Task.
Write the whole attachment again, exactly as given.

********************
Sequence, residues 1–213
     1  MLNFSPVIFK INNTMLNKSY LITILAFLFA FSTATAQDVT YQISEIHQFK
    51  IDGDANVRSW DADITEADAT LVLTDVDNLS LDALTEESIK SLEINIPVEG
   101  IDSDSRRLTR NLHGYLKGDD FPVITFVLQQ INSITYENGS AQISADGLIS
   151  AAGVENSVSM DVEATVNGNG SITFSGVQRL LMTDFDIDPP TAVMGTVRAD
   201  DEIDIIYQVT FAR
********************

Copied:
Sequence, residues 1–213
     1  MLNFSPVIFK INNTMLNKSY LITILAFLFA FSTATAQDVT YQISEIHQFK
    51  IDGDANVRSW DADITEADAT LVLTDVDNLS LDALTEESIK SLEINIPVEG
   101  IDSDSRRLTR NLHGYLKGDD FPVITFVLQQ INSITYENGS AQISADGLIS
   151  AAGVENSVSM DVEATVNGNG SITFSGVQRL LMTDFDIDPP TAVMGTVRAD
   201  DEIDIIYQVT FAR